Spark uses an approach called Directed Acyclic Graph (DAG). This allows it to run multi-step data pipelines. What makes this interesting is that Spark will allow multiple DAGs to share in-memory data which means that users are able to run several queries against the same data at the same time.

The use of in-memory storage also extends to how queries are managed. Rather than write data results to disk, Spark can continue to hold them in memory, especially if they are going to be used in other queries. With the amount of addressable memory in servers continue to increase this means that ever more complex queries can be executed in memory.

How much impact will IBM have on Spark?

What will be interesting here is how much effort IBM pours into the Apache Spark project. It is far from the biggest contributor at the moment but that should change with this announcement. Many in the Spark ecosystem will be wondering what impact this will have on them.

It is not just development resources that are interesting here. IBM’s intention to offer Spark as a Service on Bluemix will bring it to a lot more developers. Another thing developers will look for is the ability to take advantage of IBM’s Coherent Accelerator Processor Interface (CAPI) and flash memory. Using this approach, Spark could push data to flash memory which will be much faster than disk and only a little slower than RAM. The result of this could be tens of terabytes of data being held in-memory.

Where this is likely to have a bigger impact will be the Internet of Things (IoT), security analytics and projects such as the Square Kilometer Array. One of the challenges of these projects is the vast amount of data that they generate. Much of that data is noise rather than something that delivers value. This is why IBM has been focusing on dealing with it at the point of acquisition.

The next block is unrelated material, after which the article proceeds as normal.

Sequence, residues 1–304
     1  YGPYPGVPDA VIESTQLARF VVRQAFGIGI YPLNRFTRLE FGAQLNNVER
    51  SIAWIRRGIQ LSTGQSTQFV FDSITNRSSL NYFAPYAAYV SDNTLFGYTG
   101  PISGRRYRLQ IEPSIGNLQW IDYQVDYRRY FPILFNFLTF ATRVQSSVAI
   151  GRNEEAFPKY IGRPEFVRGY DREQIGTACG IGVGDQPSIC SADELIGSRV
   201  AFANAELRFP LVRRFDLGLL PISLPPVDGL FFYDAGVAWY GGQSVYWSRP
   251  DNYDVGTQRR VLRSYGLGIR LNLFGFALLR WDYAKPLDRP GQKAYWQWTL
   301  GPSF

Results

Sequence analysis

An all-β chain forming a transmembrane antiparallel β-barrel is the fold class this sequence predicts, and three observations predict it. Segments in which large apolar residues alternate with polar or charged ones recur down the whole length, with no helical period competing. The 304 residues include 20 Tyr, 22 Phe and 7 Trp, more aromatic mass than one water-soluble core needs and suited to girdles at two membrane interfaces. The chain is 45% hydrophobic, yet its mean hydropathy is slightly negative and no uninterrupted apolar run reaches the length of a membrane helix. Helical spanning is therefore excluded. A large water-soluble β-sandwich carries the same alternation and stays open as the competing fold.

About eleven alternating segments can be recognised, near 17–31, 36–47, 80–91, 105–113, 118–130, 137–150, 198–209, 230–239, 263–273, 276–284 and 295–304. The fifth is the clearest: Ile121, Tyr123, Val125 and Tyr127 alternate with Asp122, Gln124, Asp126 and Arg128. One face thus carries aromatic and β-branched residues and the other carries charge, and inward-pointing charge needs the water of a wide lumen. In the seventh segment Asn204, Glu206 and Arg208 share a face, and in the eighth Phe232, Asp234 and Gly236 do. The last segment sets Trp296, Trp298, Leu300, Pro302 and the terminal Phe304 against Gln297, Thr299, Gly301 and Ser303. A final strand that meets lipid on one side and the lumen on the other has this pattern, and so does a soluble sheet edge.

The Watson Health Cloud is an example of the challenge of huge volumes of data as part of an IoT solution. Phones, wearables and other mobile devices are beginning to capture increasing amounts of user data. Combining that data with information from medical devices and then using it in research requires a lot of complex processing, a significant amount of which may have to happen in real-time. This play heavily to the ability of Spark to manage complex queries.

With the new micro-servers IBM is developing in Zurich, it will be able to deploy advanced processing right at the point of acquisition. It could also embed Spark into those System on Chip (SoC) solutions allowing complex analytics to be carried out on data as it is acquired. This would reduce the storage requirement of data, reduce the network bandwidth consumed by moving data around the enterprise and deliver a significantly high value to customers.

While the micro-servers that IBM Zurich is developer are a few years out, IBM is already beginning to use containers to move applications to the data. It would be reasonable to expect IBM to release a Docker container with Spark inside in the not too distant future.

Perhaps the biggest impact of IBM’s involvement is likely to be felt by the enterprise big data teams and MapReduce community. Spark has failed to ignite much interest inside the enterprise to date but with IBM’s backing, it is not unreasonable to see it replacing MapReduce as the preferred option for complex analytics.


Spark is yet another Open Source project around which IBM is wrapping its development might. The intention to offer Spark as a Service and combine Spark with the Watson Health Cloud are likely to get a lot of initial attention.

However, for security teams trying to understand in real-time the risk to their environment and to track attacks as they happen, Spark could be a step change in their tooling. Surprisingly, IBM has not talked about Spark in this context .